Savage receives award
Prof. David Savage, UC Berkeley, has been named a New Innovator by the Director of the National Institutes of Health, Dr. Francis Collins. The goal of the NIH Director’s New Innovator Award Program is to support exceptionally creative new investigators who propose highly innovative projects that have the potential for unusually high impact. The New Innovator Program is one of the four programs in the NIH High Risk-High Reward Program, which is part of the NIH Common Fund.
Savage’s laboratory is developing novel methods for engineering biosensors to probe cellular metabolism. Currently, there are few methods to make such measurements, and this technology will enable Savage and his group to quantify metabolite levels at a high spatial and temporal precision. Ultimately, this work could lead to new ways of engineering metabolism, such as harnessing microbes to produce renewable chemicals and as a tool for better understanding diseases, such as cancer and diabetes, that are associated with altered metabolism.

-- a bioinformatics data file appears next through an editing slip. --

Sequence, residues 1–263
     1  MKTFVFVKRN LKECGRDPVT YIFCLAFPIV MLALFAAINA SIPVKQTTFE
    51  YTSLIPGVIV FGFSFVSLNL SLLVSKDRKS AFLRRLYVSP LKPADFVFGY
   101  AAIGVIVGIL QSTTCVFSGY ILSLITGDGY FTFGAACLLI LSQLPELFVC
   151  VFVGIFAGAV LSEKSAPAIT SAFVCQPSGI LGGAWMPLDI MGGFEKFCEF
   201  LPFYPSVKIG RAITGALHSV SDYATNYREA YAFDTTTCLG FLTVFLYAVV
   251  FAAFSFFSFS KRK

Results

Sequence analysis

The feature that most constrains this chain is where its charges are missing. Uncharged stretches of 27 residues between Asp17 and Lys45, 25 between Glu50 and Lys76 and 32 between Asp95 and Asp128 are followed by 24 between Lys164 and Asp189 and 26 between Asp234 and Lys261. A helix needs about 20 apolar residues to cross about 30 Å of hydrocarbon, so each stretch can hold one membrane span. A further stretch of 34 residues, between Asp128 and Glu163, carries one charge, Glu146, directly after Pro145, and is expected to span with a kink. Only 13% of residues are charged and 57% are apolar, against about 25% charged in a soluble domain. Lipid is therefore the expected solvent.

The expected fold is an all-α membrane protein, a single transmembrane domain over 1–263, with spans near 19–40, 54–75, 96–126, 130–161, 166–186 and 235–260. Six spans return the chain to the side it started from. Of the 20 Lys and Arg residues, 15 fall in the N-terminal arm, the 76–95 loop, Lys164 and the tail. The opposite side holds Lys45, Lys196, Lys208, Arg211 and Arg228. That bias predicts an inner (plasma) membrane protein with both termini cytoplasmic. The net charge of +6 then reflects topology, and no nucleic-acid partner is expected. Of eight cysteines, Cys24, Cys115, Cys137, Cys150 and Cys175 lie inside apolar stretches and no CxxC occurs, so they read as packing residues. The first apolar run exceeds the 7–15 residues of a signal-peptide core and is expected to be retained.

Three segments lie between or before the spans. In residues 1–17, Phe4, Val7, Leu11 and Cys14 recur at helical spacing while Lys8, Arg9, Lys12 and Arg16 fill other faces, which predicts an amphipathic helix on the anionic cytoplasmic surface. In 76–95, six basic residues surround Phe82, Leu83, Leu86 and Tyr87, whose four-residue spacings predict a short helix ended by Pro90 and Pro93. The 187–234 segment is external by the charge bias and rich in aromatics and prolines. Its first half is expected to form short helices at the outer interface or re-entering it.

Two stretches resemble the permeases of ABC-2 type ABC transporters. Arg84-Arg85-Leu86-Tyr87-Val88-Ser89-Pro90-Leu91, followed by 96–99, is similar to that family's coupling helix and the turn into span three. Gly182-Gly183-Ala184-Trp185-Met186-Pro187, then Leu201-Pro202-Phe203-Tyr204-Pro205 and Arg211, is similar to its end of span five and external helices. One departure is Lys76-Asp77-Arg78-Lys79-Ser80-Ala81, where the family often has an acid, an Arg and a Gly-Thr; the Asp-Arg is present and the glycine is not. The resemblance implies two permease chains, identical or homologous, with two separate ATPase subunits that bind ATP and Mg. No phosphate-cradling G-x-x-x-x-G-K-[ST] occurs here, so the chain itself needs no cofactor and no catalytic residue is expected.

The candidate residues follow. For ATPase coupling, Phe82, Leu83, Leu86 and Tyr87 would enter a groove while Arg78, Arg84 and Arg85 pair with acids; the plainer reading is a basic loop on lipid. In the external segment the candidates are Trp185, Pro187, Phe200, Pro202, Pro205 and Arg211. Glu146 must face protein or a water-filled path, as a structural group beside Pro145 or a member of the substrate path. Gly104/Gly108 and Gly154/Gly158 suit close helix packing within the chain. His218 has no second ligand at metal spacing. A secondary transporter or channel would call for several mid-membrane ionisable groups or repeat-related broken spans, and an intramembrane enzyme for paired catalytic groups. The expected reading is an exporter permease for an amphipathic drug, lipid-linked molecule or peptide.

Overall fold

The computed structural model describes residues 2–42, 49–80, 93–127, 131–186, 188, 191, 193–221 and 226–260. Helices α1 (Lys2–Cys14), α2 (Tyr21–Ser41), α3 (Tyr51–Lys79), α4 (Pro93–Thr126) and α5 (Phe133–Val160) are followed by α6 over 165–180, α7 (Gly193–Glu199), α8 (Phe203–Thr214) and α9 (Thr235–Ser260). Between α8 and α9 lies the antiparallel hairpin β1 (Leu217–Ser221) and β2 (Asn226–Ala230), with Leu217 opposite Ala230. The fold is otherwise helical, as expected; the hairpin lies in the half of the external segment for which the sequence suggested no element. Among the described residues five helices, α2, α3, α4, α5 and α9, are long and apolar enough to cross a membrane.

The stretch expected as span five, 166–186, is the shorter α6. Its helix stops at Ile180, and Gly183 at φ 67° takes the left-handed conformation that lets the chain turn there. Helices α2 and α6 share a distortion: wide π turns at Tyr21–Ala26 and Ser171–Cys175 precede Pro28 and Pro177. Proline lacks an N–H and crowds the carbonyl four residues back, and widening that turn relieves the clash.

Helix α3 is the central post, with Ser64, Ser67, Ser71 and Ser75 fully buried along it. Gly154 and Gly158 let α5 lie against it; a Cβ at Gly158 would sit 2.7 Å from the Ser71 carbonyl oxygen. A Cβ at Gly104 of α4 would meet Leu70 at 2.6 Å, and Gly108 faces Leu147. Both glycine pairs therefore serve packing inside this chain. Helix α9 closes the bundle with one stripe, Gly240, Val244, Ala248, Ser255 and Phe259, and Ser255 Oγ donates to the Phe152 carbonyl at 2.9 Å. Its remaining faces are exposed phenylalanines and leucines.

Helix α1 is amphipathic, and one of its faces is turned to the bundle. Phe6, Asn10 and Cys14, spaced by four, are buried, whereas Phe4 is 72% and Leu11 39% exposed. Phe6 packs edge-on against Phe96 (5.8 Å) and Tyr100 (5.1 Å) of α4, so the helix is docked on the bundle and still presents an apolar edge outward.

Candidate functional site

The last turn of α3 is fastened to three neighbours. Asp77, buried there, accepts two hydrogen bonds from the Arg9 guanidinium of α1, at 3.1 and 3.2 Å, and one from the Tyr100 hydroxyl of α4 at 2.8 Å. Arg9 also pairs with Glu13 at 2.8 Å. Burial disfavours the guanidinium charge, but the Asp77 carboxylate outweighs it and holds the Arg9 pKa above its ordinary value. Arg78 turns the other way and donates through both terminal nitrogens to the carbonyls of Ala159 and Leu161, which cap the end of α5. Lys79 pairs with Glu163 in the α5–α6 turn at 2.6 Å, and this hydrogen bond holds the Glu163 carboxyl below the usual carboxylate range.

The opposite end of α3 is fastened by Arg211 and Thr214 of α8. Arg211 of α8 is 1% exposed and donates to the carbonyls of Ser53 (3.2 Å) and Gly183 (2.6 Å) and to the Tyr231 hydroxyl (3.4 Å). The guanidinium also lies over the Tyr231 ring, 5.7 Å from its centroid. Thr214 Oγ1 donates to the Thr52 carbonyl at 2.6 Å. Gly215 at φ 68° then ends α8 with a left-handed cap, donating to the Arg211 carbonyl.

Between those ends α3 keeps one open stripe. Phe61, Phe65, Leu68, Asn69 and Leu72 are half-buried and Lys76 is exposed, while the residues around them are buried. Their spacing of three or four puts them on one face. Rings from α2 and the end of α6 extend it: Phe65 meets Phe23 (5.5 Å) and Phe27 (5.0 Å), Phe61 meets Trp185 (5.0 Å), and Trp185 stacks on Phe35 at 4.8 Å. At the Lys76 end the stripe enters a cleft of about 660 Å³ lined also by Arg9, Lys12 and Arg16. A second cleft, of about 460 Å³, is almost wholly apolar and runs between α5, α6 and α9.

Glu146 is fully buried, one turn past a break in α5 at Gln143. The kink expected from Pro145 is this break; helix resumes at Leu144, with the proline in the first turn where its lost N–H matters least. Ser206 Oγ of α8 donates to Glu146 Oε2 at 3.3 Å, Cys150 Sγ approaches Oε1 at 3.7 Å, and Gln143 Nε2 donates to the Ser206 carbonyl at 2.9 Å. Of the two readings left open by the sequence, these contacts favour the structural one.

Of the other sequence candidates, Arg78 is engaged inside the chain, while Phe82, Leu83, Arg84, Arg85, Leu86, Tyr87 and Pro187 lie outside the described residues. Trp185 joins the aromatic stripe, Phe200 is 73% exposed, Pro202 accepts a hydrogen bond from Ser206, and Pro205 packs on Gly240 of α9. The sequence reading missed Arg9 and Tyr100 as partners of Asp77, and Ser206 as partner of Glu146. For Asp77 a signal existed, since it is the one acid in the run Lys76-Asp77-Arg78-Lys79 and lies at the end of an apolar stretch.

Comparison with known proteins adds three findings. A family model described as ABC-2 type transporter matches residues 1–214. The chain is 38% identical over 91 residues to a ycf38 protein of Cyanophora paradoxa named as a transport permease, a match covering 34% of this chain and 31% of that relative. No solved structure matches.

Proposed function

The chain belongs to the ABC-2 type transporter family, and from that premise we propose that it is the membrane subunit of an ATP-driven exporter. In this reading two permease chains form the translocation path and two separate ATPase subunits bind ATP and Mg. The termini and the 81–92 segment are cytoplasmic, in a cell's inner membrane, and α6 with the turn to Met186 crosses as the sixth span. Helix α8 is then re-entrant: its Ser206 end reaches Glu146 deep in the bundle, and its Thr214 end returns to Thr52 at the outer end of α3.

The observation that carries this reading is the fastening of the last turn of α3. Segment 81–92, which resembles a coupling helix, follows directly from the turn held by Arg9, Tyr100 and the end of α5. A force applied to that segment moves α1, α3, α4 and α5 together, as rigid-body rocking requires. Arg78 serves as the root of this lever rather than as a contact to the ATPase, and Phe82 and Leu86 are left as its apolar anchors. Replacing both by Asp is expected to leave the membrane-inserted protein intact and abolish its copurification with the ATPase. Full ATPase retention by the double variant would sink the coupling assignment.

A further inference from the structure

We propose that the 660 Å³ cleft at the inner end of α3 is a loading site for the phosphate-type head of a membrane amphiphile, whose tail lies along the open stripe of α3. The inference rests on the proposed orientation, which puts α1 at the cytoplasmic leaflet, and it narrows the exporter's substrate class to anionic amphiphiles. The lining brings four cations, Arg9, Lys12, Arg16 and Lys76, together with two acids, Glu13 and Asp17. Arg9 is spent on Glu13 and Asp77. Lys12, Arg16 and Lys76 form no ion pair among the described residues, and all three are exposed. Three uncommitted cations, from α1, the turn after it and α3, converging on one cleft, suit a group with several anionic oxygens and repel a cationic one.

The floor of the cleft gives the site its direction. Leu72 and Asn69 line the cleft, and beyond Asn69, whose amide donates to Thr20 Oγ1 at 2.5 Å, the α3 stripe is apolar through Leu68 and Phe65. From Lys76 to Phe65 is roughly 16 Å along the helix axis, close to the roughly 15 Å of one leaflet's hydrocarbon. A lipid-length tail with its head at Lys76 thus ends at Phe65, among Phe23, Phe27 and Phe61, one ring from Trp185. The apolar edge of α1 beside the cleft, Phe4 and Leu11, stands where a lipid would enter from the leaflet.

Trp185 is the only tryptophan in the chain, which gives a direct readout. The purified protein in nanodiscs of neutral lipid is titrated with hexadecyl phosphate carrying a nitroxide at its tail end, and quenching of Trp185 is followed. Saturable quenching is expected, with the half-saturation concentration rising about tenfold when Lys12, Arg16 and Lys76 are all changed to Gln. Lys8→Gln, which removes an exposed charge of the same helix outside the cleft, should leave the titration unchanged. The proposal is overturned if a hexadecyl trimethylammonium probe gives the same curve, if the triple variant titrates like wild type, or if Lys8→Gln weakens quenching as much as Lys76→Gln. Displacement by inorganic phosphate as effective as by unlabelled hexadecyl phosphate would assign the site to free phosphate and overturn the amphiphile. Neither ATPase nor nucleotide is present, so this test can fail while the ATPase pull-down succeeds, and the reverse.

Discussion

This honor includes a very substantial financial award that can be used by Savage to further the research of his lab however needed.
Savage graduated from Mt. Pleasant Community High School in 1998, pursued his bachelor’s degree in chemistry at Gustavus Adolphus in St. Peter, Minn., his doctorate at University of California in San Francisco and spent four years post-doctoral studies at Harvard Medical School. Savage and his wife, Dr. Sarah Stanley, also a professor and research scientist at UC Berkeley, have a three-year old daughter. His parents are Dr. and Mrs. Alfred D. Savage of Mt. Pleasant.